What is CEST and how does it work?

To help work out whether or not a contract falls within IR35, HMRC released an online tool just in time for the public sector implementation in April 2017. CEST has been updated since then, but reviews of the system have been somewhat mixed.

The CEST (Check Employment Status for Tax) tool determines whether or not “a worker on a specific engagement, should be classed as employed or self-employed for tax purposes.” The system collects information relating to the individual using multiple choice questions. Here are some examples:

  • Does the contractor provide their services via a limited company?
  • Can the worker provide a substitute (or have they already)?
  • To what extent does the client exert control over the contractor, e.g. can they move the contractor to a different role/location, decide how and when the work is done, etc.?
  • Is the contractor an ‘office holder’?
  • Does the contractor receive any ’employee’ type benefits from the client?
  • What happens if the client is unhappy with the contractor’s work?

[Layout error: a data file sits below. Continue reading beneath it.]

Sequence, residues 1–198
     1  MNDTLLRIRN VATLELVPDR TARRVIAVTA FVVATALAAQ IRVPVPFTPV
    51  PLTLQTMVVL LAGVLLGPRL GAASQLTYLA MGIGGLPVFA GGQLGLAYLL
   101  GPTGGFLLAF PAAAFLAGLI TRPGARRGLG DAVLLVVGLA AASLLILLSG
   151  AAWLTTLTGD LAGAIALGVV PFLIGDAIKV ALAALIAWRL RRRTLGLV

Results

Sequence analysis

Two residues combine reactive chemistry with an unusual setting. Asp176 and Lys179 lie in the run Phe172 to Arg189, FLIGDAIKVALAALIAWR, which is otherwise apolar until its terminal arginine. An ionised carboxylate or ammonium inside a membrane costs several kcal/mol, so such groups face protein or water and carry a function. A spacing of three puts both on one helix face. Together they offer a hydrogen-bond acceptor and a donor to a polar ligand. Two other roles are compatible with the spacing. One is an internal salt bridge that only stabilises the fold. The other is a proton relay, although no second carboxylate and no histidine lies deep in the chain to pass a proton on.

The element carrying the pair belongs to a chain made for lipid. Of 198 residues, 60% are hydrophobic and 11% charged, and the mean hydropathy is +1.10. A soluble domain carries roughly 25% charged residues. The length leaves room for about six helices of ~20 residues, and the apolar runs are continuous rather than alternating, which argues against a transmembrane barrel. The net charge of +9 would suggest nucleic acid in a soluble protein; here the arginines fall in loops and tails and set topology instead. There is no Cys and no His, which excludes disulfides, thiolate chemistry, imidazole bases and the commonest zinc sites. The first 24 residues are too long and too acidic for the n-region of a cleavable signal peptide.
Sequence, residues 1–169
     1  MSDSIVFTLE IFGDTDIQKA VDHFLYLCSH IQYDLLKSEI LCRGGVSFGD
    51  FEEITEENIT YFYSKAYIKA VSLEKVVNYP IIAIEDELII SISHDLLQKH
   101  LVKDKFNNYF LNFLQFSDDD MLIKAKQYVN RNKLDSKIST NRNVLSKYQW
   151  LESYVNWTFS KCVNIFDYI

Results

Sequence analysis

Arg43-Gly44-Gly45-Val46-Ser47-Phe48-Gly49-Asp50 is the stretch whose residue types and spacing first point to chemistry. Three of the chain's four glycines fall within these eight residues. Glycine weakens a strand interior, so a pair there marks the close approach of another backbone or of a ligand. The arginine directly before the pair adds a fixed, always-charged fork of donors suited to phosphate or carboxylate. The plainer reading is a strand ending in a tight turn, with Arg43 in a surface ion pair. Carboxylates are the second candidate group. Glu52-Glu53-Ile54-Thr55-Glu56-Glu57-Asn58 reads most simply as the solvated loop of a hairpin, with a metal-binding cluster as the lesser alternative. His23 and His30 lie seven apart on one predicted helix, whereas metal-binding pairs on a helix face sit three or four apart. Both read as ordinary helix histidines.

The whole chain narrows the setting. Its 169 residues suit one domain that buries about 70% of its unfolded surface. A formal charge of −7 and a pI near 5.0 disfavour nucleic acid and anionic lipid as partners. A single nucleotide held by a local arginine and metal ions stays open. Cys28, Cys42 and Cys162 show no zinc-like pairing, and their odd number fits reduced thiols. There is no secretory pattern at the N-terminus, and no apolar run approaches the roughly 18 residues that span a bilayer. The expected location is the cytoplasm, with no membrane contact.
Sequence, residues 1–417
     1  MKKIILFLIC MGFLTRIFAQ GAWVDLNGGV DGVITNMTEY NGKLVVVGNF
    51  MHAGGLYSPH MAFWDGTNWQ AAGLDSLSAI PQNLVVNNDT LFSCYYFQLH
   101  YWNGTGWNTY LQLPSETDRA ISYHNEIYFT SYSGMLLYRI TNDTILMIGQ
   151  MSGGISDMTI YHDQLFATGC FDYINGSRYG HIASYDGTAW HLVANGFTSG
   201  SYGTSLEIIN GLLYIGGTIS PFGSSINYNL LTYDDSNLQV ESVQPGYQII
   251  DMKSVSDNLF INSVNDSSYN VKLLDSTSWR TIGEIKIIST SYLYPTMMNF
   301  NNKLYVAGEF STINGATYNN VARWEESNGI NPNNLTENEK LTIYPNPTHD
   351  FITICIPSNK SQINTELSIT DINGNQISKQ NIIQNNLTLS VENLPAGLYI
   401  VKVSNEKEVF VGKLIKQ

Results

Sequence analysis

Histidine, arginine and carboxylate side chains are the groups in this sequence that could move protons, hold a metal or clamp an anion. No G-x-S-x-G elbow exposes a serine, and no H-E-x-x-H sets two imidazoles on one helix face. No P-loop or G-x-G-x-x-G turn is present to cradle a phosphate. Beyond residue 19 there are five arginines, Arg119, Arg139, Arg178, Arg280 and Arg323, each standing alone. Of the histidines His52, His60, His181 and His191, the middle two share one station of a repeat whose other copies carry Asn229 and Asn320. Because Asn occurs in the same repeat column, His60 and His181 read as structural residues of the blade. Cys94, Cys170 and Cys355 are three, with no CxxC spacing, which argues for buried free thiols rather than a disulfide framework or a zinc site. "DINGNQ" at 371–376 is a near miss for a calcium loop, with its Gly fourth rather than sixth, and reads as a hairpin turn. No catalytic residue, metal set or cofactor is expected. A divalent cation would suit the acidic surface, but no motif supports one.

• How is the contractor paid – fixed price, or by the time period?

The CEST tool processes all answers and determines whether or not the Intermediaries Legislation (IR35) applies to that particular engagement. A summary of all answers is provided, including notes on how HMRC has interpreted its understanding of IR35 as it relates to each employment status factor. If CEST deems you are caught, then the engager becomes responsible for operating IR35, and if not, you can carry on operating outside of IR35.

There are cases where the tool has been unable to make a determination on employment status at all and there are also some caveats listed within the summary report. HMRC say they will ‘stand by the result given unless a compliance check finds the information provided is not accurate.’ Added to this, HMRC will not stand by decisions where contrived contracts have been entered into.